The Active Detection of Fissionable Materials using a Two Dimensional Signature Phase Space and Signature Interferences (making the title too long)

Dr. Alan W. Hunt
Idaho State University
Accelerator Center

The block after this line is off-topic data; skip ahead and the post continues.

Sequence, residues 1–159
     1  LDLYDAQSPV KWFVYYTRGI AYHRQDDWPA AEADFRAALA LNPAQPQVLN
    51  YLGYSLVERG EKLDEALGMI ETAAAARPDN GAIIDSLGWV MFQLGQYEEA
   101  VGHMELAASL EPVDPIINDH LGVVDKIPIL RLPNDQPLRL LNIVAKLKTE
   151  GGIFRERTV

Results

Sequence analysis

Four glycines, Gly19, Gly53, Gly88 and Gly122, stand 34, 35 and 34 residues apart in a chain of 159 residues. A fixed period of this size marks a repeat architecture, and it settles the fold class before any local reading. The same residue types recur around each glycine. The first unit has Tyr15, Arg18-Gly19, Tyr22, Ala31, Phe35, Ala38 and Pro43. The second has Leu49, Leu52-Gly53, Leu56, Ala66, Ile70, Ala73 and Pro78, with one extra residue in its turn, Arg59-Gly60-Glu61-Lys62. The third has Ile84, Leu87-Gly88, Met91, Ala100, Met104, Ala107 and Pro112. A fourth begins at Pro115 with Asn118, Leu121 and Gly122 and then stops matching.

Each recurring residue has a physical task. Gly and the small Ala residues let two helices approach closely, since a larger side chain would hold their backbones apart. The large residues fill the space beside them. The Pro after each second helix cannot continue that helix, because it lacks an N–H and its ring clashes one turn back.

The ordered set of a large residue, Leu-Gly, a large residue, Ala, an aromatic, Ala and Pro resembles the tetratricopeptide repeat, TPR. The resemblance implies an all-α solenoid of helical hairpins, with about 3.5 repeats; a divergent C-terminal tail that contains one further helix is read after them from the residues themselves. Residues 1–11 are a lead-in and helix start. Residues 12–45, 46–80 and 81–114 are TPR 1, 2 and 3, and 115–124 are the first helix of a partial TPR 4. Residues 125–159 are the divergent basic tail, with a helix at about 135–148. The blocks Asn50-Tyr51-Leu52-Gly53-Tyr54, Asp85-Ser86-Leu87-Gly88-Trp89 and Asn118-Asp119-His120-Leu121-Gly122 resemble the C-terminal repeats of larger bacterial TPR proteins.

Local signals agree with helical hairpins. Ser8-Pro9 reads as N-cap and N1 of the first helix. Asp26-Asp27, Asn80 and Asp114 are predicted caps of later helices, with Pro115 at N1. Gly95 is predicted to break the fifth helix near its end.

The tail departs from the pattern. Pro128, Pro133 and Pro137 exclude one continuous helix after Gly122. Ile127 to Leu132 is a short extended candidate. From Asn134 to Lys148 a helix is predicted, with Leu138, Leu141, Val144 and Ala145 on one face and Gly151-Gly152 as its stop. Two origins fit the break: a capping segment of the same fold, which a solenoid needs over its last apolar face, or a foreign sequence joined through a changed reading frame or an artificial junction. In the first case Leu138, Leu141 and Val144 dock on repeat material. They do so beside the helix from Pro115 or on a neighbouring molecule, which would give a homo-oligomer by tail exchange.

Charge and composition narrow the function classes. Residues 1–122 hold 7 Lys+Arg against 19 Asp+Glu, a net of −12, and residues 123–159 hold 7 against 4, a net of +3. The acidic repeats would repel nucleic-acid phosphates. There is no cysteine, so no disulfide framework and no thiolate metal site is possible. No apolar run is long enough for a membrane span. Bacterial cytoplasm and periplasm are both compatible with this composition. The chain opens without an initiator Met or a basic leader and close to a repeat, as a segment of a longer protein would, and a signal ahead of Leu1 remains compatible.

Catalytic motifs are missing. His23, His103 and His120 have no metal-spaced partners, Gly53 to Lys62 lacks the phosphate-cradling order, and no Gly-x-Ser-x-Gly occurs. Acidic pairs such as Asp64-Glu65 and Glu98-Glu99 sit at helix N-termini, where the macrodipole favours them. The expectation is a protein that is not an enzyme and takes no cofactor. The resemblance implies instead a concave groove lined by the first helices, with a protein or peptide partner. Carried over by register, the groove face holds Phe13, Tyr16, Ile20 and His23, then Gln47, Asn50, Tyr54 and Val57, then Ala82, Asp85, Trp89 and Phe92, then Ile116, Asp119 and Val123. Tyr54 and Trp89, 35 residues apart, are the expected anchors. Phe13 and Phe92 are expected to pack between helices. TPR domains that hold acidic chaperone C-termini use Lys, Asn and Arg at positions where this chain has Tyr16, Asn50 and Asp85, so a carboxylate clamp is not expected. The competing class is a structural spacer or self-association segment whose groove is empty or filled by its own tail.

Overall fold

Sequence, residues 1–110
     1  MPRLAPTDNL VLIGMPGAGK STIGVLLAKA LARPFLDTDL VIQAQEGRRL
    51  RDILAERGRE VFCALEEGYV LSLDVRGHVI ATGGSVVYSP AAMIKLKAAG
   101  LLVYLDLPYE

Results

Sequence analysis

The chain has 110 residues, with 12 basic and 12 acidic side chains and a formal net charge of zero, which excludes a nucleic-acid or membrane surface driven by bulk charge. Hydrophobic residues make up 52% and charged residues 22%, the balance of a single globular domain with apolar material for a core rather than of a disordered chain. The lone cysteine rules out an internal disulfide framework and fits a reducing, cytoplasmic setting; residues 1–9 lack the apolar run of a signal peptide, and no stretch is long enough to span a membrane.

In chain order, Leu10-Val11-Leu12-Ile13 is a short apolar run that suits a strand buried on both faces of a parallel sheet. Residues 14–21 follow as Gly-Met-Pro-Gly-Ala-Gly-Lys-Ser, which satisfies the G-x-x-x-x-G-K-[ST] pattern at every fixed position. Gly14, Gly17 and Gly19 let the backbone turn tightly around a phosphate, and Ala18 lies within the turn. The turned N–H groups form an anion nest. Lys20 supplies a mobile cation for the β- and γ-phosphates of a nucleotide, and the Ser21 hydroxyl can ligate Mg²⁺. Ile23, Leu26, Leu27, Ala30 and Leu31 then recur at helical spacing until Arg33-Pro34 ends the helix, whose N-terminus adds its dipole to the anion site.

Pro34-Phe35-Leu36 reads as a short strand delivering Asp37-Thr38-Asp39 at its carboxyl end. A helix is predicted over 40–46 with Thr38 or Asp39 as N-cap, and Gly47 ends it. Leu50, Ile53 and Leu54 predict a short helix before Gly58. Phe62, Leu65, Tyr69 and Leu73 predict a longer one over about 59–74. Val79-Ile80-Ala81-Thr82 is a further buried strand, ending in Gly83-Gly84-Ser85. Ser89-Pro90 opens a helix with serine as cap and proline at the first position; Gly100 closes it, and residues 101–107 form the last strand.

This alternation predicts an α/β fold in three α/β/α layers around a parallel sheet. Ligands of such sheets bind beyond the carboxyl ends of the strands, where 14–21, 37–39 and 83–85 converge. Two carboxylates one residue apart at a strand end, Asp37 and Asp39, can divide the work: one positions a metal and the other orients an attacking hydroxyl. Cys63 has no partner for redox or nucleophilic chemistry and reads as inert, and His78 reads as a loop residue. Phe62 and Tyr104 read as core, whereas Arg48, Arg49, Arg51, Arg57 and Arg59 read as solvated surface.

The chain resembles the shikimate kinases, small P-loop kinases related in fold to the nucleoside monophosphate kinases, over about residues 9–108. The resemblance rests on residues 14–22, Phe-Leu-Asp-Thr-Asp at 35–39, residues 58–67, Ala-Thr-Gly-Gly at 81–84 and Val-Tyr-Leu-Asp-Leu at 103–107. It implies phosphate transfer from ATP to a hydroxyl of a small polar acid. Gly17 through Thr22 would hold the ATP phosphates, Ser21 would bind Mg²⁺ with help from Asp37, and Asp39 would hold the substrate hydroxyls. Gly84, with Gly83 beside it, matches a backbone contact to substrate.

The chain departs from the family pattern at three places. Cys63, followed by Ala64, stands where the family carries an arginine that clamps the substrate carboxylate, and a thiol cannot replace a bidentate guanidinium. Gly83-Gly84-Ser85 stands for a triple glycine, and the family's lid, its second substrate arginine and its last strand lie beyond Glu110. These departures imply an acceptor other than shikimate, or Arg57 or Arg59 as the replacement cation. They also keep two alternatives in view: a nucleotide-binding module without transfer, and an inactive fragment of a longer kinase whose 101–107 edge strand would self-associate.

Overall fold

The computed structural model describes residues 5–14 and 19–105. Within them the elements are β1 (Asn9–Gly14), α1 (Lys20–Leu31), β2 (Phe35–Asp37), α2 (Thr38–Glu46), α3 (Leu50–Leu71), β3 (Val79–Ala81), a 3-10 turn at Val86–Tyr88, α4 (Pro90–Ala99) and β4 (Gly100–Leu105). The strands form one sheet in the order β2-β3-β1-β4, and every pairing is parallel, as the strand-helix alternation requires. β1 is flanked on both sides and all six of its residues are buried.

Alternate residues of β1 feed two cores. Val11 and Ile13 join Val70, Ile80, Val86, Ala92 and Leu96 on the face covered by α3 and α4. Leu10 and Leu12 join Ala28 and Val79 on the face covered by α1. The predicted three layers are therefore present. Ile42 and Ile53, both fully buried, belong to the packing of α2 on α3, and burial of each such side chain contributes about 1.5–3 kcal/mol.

Active detection techniques utilize a probing beam of radiation to induce nuclear reactions in an object under inspection and then monitor the secondary emissions for signatures of fissionable materials.  Of course for these signatures to be efficacious, they must be unique to fission in general or unique to a specific fissionable material.  Hence, the most common signatures exploited in active inspection have been delayed neutrons, high‑energy delayed g‑rays and high‑energy delayed neutrons.  In this colloquium, I will discuss how to make a decision of “detected” or “not detected” when two signatures are measured simultaneously.  This formalism will be applied to low‑energy (i.e. <20 MeV) bremsstrahlung inspections and if time permits, I will discuss what happens when you go to high‑energy (i.e. >20 MeV) bremsstrahlung inspections.